Overall, we expect that staff will operate within the Expected Zone at all times at work. The Expected Zone is achievable by everyone we hire. It’s not an impossibly high bar by any means, but when everyone is working in the Expected Zone, the work is going well.

The Bullseye is an achievement. This is going the extra mile, making-people’s- days kind of work and should include lots of high fives when achieved. If people are in the Expected Zone or the Bullseye,

then work is really going well. We’re getting a lot done, people are working together well, and the time is zooming by. This is how we want work to be as often as possible.

Sometimes, people might act in a way that is Edgy. Edgy is not the end of the world. Retail work is tough, and we’re going to be challenged sometimes. But when staff are Edgy with each other, they should expect to be talked to by a supervisor and move to the Expected Zone quickly. Someone who is frequently Edgy may need to begin getting corrective actions, depending on the frequency and the issue.

When people behave in ways that are unacceptable, we consider them Outside the Circle. This is serious and will definitely result in a talking to by the supervisor and probably a corrective action. These are transgressions we never want to see at our co-ops—but without an effective way for supervisors to address them, they may happen.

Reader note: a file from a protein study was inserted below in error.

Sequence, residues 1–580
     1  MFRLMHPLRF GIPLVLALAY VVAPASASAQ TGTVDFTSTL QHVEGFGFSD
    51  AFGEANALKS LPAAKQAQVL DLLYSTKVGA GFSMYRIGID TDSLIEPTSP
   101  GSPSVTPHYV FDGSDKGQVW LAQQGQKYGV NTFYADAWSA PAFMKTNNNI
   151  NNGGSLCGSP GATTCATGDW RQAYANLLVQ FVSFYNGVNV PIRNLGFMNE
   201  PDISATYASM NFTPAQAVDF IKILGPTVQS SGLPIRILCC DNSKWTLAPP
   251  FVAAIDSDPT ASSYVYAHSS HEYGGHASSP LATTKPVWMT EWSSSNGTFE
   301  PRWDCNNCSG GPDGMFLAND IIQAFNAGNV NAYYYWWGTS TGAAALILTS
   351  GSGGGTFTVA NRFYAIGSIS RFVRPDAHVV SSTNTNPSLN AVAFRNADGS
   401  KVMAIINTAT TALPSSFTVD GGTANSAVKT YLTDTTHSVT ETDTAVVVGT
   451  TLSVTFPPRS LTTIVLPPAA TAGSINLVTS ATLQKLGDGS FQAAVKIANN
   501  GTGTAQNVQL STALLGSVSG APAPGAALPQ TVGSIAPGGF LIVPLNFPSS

Unpleasant workplaces have people behaving in an Edgy fashion or Outside the Circle all the time. Most restaurant kitchens, for instance, are full of this kind of behavior. These behaviors do not make good workplaces, and a system like the one we’ve created gives us a way to address these behaviors with staff effectively.

Behaviors NOT attitudes

An important aspect of our system is that we establish the behaviors and actions that are in the Bullseye or Expected Zone or Edgy Area or Outside the Circle. As we’ve implemented and taught this program, we have found that people really understand exactly what kinds of behaviors are inside or outside the circle for each pillar and can articulate them clearly when asked.

We are not mind readers, right? That’s okay, because people demonstrate through their physical actions and behaviors that they are or are not behaving the way that we need them to at Wheatsville. People show us whether they are being Friendly, High Achieving, Positive, and Cooperative.